Morning Call: pick of the papers

The ten must-read pieces from this morning’s papers.

1. If Scotland does secede, I won't be alone in mourning my country (Observer)

Those of us who count ourselves as British fear that Scottish independence would tear the nation apart, writes David Mitchell.

2. Bahrain is trying to drown the protests in Shia blood (Independent on Sunday)

Claiming that the opposition is being orchestrated by Iran, the al-Khalifa regime has unleashed a vicious sectarian clampdown, writes Patrick Cockburn.

3. To have a hope of power, Labour must turn from dull into dynamic (Observer)

Ed Miliband's party needs to forget complacent assumptions and remember that the task is both big and urgent, says Andrew Rawnsley.

4. Europe and immigration are vital issues, so let's discuss them (Sunday Telegraph)

The voters want a debate on Europe's influence, says this leading article, and the government should let them have it.

5. Live up to your own slogan, Dave (Independent on Sunday)

"All in this together" must count as one of the worst slogans dreamt up by supposedly intelligent people, says a leading article. More effectively than any lines devised by the Labour Party, it invites cynicism – so David Cameron must address social inequality if he has any chance of making it believable.

6. Cameron has the makings of a truly great prime minister (Sunday Telegraph)

Many of those in No 10 end up as essentially irrelevant figures, but a small few attain truly heroic status, says Peter Oborne.

7. Twitter is home to the dull and dysfunctional – I'll never join (Independent on Sunday)

This is the age of the ego, says Janet Street-Porter authoritatively. If celebrities want privacy, they must give up sending press releases and posing for Hello!.

8. Stop punishing the McCanns (Sunday Times) (£)

As I sat welling up in my kitchen listening to Kate McCann tell her distressing story, hundreds of people logged on to Twitter to type out poison about her in real time, says India Knight.

9. So their dossier was sexed up. No wonder the cabal want "closure" (Mail on Sunday)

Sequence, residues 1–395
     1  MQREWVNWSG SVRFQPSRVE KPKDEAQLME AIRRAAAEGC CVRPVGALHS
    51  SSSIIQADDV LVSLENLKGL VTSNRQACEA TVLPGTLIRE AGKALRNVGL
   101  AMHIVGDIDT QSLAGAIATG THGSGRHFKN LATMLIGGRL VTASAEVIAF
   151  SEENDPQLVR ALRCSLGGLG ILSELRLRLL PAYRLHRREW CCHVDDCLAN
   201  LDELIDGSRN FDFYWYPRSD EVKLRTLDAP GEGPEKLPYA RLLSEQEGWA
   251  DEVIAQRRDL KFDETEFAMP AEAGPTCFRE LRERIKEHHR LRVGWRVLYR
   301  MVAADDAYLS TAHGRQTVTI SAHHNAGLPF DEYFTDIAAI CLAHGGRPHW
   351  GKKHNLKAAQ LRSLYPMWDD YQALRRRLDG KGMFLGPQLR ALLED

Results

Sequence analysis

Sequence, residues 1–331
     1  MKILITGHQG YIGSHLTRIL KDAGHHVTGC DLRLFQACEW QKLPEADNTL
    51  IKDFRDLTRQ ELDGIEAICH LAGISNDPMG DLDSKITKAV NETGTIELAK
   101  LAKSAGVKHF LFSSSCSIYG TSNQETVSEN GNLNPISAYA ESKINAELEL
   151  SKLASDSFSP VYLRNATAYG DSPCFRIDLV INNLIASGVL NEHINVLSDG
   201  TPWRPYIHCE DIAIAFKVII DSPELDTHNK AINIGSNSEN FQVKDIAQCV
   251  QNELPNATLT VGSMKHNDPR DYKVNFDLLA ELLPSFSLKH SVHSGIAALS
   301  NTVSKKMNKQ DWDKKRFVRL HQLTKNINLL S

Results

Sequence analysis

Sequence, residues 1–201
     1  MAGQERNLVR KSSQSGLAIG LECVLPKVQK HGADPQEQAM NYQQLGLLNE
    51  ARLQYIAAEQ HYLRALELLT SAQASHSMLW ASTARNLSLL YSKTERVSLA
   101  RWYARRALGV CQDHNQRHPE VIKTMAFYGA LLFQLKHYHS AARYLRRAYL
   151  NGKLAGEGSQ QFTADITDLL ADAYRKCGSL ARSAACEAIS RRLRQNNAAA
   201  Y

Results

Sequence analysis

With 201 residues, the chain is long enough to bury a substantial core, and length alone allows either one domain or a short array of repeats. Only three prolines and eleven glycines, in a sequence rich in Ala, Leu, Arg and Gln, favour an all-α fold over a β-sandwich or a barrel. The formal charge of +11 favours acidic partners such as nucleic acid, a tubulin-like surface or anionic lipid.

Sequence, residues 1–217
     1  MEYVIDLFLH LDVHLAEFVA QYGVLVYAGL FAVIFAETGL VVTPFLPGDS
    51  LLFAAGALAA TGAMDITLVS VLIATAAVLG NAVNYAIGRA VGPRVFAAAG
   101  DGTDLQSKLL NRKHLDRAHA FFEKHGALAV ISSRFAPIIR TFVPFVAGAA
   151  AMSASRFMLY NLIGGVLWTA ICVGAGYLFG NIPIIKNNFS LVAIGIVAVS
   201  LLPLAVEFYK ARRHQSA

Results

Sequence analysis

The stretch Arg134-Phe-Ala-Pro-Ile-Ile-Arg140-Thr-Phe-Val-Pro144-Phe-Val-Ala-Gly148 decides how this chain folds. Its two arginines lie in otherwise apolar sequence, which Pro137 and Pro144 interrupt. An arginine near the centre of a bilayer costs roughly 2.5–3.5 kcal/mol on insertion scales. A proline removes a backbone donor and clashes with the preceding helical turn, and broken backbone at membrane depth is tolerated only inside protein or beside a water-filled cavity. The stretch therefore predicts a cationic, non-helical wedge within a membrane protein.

Major General Michael Laurie has now admitted to the Chilcot inquiry that he was pressured to make the case for war in Iraq, writes Suzanne Moore. Eight years on, it still matters – because our lack of clarity about Libya stems from our embarrassment about Iraq.

10. The press must put its house in order (Observer)

Lies, bullying and kiss-and-tell profiteering do, sadly, go unpunished too often in newsrooms, says a leading article. But much investigative energy is spent unearthing grave abuses of power – so self-regulation is better than legislation.

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Calm down, everyone – of course Nigel Farage is in the running for TIME Person of the Year

The former Ukip leader has been shortlisted for the iconic magazine list.

While your mole is no fan of former Ukip leader and triumphalist frog Nigel Farage, it has to scurry to his defence in this instance. There's been a big brouhaha (ie. some people on Twitter have posted a few half-hearted opinions and crap jokes) about the bonvivant Brexiteer being shortlisted for TIME's iconic Person of the Year.

He is one of 11 contenders for the position listed by the magazine, alongside the likes of Donald Trump, Mark Zuckerberg and Beyoncé. (What a dinner party that would be. We hope Zuck puts the photos up on Facebook.)

Why are people surprised by this? Farage is the reason the UK is leaving the European Union, and by doing so has made a big impact on national and global politics. Adolf Hitler and Joseph Stalin famously won the award, so we know it's not an endorsement, simply a measure of impact. And others on this year's list suggest this too: Recep Tayyip Erdoğan, Narendra Modi, Vladimir Putin, Donald Trump – all dubious political figures who have caused controversy.

So why the big deal about Farage?

Read more about TIME's shortlist here. The winner is announced tomorrow.

I'm a mole, innit.